Sunday 31 March 2013

So, You Wrote A Story, Now What?

What does a writer have to do to become a published author with a traditional publisher?

Illustration by Samantha Kickingbird
This advice comes from my experiences of learning to write well first and then, becoming a published children's book author.

When I first started writing seriously, some twenty years ago, I thought every story I wrote was worthy of being considered for publication. That was so not the case.

I think a lot of writers have that same syndrome when they are beginners. It's called the Ego Syndrome.

So my first rule of advice is to get over yourself, burst your ego bubble, and get to work. I know that sounds cruel, but it is the absolute first rule of becoming a published writer.

So once you have a story completed, then what?

Edit, edit, edit, and then edit.

A good piece of advice here is to leave that story alone for a few weeks, then go back and edit it for possible better words to use, ditching more adverbs than keeping, and  most important, the killing of useless words and sentences (useless words and sentences are those that do nothing to move the plot, character, or scene forward).

I know, the killing of our own words is the hardest killing of all. This is also the process of killing your ego, which for a writer is a very important lesson.

 So you're ready to start submitting your story? Not yet. More work.

 Leave that story alone again for a few weeks. The next time you edit, go over every sentence individually, looking for ways to enhance that sentence by re-writing or re-wording so that the writing flows. Re-write the sentence a dozen ways if you have to. You will know when that sentence is the best it can possibly be, when the words flow off the tongue like something similar to music.

Submit now?  No.

Another edit for punctuation and grammar. You will not believe how many times the Spell Check on your writing program has the wrong word usage, or how many times your punctuation can be simplified.

Okay, three major edits and you might be ready to start the submitting process.

The submitting process is loads of work. One of the best things you can do before you start submitting is to research the publishers; find out what they are accepting, follow the guidelines listed by each publisher, learn how to write a great cover letter and/or query letter.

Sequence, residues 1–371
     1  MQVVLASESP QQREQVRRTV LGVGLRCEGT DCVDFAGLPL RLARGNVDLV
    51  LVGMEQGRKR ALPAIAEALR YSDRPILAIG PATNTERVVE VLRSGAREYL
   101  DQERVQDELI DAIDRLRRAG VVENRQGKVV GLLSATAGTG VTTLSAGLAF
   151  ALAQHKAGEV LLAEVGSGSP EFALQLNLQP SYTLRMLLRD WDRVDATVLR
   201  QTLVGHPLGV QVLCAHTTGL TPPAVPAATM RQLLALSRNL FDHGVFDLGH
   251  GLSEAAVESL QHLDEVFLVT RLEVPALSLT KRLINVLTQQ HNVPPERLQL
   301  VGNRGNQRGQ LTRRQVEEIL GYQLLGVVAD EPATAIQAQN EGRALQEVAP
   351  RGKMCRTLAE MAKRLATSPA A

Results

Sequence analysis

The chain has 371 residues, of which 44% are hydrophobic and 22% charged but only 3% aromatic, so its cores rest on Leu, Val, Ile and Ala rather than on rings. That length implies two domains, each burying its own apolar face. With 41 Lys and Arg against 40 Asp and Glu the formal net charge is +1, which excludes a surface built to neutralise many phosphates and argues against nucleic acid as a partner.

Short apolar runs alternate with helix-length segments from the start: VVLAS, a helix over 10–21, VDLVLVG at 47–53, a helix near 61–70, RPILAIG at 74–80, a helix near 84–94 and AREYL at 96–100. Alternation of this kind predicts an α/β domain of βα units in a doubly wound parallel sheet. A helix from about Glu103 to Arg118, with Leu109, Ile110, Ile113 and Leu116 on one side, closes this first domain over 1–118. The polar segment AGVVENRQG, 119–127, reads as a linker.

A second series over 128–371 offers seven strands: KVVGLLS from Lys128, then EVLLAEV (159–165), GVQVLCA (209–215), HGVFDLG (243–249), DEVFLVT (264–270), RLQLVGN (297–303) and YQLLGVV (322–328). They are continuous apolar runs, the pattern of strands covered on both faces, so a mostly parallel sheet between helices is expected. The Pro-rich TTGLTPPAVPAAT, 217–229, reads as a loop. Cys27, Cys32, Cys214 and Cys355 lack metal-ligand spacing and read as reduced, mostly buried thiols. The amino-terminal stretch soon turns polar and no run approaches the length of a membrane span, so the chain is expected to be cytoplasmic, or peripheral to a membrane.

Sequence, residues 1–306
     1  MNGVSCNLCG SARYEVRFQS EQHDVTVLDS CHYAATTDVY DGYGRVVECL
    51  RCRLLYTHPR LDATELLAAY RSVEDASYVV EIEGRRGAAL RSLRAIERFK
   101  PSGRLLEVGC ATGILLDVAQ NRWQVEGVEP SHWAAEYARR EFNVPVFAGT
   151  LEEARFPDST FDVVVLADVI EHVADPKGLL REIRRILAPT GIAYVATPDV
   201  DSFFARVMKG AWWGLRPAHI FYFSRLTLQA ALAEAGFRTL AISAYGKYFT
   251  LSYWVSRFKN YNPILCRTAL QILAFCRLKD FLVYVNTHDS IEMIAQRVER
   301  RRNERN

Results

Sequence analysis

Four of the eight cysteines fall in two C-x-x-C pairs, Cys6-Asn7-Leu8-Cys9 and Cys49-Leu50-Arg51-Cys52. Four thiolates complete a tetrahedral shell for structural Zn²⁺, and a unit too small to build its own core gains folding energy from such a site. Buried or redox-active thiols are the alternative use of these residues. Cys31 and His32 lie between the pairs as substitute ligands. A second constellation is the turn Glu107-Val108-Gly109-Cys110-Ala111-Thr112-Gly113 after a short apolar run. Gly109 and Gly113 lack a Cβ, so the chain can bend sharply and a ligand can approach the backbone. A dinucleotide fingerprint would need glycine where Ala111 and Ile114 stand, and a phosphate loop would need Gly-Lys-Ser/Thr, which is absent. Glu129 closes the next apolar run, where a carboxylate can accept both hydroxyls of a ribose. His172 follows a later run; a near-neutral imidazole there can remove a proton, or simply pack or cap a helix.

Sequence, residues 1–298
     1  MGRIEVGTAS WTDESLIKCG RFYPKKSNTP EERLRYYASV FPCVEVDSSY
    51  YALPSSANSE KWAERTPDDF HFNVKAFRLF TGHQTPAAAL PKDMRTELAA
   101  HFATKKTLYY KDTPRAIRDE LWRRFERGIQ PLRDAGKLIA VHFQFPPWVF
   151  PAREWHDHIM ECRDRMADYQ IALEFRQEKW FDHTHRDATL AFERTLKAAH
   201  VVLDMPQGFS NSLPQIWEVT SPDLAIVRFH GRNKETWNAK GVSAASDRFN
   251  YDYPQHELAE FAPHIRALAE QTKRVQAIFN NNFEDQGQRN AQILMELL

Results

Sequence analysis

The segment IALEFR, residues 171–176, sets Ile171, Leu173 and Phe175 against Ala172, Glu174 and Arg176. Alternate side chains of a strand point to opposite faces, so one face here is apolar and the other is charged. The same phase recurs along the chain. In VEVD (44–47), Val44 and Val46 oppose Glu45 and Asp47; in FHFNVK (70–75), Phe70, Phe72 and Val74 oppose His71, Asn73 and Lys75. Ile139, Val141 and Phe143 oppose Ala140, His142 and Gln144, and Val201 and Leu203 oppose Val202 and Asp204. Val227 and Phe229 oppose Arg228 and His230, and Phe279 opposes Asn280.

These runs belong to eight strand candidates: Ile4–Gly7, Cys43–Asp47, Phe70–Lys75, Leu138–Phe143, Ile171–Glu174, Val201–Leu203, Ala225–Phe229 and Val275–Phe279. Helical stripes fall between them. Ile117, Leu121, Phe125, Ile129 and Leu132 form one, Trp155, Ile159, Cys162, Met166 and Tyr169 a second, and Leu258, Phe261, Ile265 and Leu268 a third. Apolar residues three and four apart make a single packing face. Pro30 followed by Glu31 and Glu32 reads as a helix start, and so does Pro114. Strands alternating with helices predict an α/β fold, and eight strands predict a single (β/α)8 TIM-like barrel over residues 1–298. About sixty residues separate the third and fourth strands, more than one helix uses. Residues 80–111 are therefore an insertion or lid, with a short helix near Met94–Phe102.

The book, Book Market for Children's Writers, will become invaluable to writer who can follow the rules in the submitting process.

And now that your ego bubble is burst, you've done your best work, the rejections that follow should not deter you from getting your book published.  And quite possibly, many rejection letters will follow.

My first book, Sir Princess Petra - The Pen Pieyu Adventures, had 27 rejections before finding a home with a traditional publisher.

Chin up. Persistence will get you published if your story is well edited and written well, and you follow the guidelines set out by publishers before submitting your manuscript to them.
Illustration by Samantha Kickingbird
Visit my author's website at:   

The author has a journalism diploma from the Schools of Montreal and an advanced diploma from the Institute of Children's Literature.

 Visit my author's website at:              


  1. Wow! 27 no's before finally a yes. I didn't know that many publishers were out there, Just kidding, but that is an awful lot of rejection slips to bare. How did you handle those?

    I can appreciate all the editing you suggest. I have seen way too many decent stories that were difficult to read because of spelling and punctuation, or grammar.

    I have heard of "writers" bragging that they wrote their "book" in a week and had it up on Amazon the nest week. That is not edited. How could it be in that time frame.

    I think with all this easy publishing going on the quality has greatly diminished. Even more disturbing is the number of people who buy and read this not so great stuff because it is priced at 99 cents or, heaven forbid, at the high end, $2.99.

    Soon, readers will forget what a good book really is, a labor of love by a dedicated author. Just maybe, your post will hit a chord with some of these "new writers" and they will put forth the effort to produce a book they can truly be proud of.

    Another informative, instructional, and interesting post. You've convinced me. I will be editing, editing, and editing again before editing. Thanks, friend.

  2. Hi Sue,

    Well, 27 rejections is not that hard to swallow when you realize that each publisher the story was submitted to has their own quota for the year.

    For instance, even though a publisher's guidelines state that they accept fantasy, they may have already accepted one fantasy in that year and that filled their quota.

    Did you know that, Mulberry Street, by Dr. Seuss had at least 27 rejections and, The Cat In The Hat,even more than that.

    Through all the rejections of book one, I did receive a lot of encouraging notes from publishers saying they couldn't use my story, but they liked it.

    When the writer has a well written and well edited story, the rejections from publishers are more about presenting to the right publisher at the right time.

    As for those books for .99 cents on Amazon---I think readers will eventually catch on.

    Yes, writing a book is a labor of love. It takes many months to write an produce a good book.